One of the most significant aspects of making a tourism activity sustainable is the lodgings that are built and maintained within an ecosystem.  To qualify as sustainable, the lodgings must not have a negative impact on the environment.  This would require the construction of the building and the other infrastructures of the lodgings to be made of eco-friendly materials, such as natural products that can be found locally.  In addition, the clearing of the land initially is also significant, as its impact on the surrounding forests and other natural aspects of the region depend on the disturbance to the environment kept to a minimum.  For all of this to happen, it is essential that the builder, architect and developer are all on the same page in this regard.  A total commitment is necessary for all interested and involved parties to the concept of sustainability.

Once that hurdle has been overcome, and it is not a small one, then one must consider all the trimmings to the building, such as the furniture, beds, windows, plumbing, and power source.  Again, the use of local materials for the furniture goes a long way in terms of sustainability.  The power source is a big consideration, and it really is essential for a sustainable lodging to use solar energy, as all other forms of power generation are not eco-friendly and have a negative impact on the environment.

The remoteness of most of these lodgings is another big challenge for operators that demand sustainability.  People that understand the need for such commitment do not find the jump a great one, as the whole purpose of tourists coming to these remote locations is all about viewing animals in their natural environment, so protecting that environment would seem essential for their own existence.  As a result, some of the more committed safari lodges in Uganda have some of the leading eco-innovations and efficient techniques found in the tourism industry.  When traveling to Lake Mburu, for instance, there is a lodge just outside the park gates, Mihingo Lodge, which complies with all these sustainability issues.  Even when they built the eco-friendly tent cabins, they did not remove the rocks that were protruding, but build around them.  When you shower, you will notice the rock outcrops that come through the floor of the cabins.  It is most impressive, that commitment to conserving the environment.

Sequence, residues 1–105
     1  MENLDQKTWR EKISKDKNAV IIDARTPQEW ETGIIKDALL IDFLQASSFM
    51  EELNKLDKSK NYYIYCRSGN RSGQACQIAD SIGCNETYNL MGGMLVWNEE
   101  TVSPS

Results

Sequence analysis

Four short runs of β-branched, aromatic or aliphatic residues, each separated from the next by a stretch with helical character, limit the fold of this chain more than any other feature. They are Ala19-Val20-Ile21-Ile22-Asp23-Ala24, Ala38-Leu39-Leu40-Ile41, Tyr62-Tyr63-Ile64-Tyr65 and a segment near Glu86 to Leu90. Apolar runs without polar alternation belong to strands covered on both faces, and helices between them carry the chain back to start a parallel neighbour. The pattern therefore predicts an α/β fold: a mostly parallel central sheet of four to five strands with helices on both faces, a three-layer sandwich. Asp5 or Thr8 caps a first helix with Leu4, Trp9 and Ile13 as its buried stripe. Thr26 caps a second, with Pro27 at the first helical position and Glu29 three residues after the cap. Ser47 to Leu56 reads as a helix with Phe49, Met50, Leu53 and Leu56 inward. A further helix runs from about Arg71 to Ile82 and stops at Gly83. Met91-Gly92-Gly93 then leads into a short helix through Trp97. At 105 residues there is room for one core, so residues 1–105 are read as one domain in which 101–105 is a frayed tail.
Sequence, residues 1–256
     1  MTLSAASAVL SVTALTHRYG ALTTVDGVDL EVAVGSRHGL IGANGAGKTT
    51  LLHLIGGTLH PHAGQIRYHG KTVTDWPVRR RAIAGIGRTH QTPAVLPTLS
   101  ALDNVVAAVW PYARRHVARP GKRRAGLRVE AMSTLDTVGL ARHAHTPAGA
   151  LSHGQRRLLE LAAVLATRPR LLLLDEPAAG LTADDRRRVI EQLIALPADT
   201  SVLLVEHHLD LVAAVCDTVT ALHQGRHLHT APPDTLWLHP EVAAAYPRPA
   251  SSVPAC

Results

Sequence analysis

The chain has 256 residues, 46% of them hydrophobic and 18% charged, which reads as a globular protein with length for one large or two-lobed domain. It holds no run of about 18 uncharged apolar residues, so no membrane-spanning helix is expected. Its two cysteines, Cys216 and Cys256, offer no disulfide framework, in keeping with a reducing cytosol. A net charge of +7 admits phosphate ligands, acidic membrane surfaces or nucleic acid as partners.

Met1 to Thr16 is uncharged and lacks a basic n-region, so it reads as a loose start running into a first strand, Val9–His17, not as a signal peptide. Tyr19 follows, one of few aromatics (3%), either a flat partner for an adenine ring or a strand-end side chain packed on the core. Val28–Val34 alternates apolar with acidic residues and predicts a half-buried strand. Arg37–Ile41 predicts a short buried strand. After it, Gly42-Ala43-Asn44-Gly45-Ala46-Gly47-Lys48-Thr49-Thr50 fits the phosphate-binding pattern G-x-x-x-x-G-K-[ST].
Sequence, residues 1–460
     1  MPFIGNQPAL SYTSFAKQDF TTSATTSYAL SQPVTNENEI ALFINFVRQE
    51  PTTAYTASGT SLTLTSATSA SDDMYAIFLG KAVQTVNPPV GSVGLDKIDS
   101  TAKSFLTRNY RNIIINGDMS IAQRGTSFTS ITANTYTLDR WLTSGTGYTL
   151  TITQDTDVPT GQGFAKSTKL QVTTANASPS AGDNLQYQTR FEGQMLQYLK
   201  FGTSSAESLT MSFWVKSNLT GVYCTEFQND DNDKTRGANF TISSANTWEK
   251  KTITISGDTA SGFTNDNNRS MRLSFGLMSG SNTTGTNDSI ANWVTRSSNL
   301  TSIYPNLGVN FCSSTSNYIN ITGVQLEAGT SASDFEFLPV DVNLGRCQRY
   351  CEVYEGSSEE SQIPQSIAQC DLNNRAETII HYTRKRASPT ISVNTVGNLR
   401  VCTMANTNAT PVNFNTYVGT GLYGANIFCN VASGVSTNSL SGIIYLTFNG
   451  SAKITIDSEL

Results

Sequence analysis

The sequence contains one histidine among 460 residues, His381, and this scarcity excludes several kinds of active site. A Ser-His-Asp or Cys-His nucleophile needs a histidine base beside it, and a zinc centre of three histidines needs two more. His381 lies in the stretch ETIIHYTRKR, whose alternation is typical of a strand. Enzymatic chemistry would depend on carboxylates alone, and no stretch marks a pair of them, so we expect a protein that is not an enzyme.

In terms of energy, the remote bush lodges have only two options, diesel generators and solar power.  Diesel fueled generators are definitely not a consideration, as the delivery costs are prohibitive, they are too noisy to operate in the bush and they are a serious source of smoke pollution.  So, cutting edge lodges cut their diesel burning generators to almost zero, using them only for emergency backup during maintenance.  Instead sustainable lodgings are totally solar; they have large batteries to store power for cooking, lighting and all the other essentials that are needed to run a lodge.  Hot showers are possible with rooftop solar water heaters that have zero negative impact on the environment.

Solid waste is a huge issue, and the most efficient option is to compost the organic waste and stock pile the non-reusable waste in a locked storage until they can take them to town to dispose of them.  Most sustainable lodgings try to reduce the amount of packaging that they even bring to the bush, disposing of wrappers, boxes and bottles before they take the contents to the lodge.

Watersheds are susceptible to disease and pollution, so isolated lodges have to treat their water before releasing it back into the ground.  Septic tanks are being replaced with cutting-edge bio-digester units that use natural bacteria instead of harsh chemicals to treat water waste.

When it comes to soaps and detergents, both for the clients’ showers and for the operation of the lodge, it is imperative that bio-degradable products are used exclusively; without this added move, there is little sustainability with polluting the ground water supply or lake that the lodge is situated on.  These products are readily available in Kampala as well as some specialty stores in smaller urban centers such as Masaka, Arua and Fort Portal near the National Parks in western Uganda.

All of these techniques help to create a sustainable lodge, thereby having zero negative impact on the environment where the wildlife that people travel to see.  This creates a win-win situation for all.  By building and maintaining a sustainable lodge, the operators are doing their part to help save the wildlife in Uganda.